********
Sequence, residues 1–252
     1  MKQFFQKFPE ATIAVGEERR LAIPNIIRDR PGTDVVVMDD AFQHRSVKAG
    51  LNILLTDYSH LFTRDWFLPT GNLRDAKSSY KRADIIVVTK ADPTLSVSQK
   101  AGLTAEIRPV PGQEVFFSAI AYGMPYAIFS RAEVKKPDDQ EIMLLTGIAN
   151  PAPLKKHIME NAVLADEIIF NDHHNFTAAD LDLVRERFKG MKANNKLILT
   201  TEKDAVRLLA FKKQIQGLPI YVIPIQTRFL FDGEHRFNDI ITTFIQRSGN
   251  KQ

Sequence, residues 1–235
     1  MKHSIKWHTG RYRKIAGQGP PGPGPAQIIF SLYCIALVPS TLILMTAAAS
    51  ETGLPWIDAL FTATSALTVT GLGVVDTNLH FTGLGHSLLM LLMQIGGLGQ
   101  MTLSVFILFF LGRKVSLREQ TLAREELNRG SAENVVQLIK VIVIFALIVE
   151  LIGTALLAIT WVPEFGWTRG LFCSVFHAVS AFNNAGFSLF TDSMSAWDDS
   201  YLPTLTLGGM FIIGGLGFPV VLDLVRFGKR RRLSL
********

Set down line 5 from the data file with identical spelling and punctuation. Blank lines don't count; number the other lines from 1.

   151  PAPLKKHIME NAVLADEIIF NDHHNFTAAD LDLVRERFKG MKANNKLILT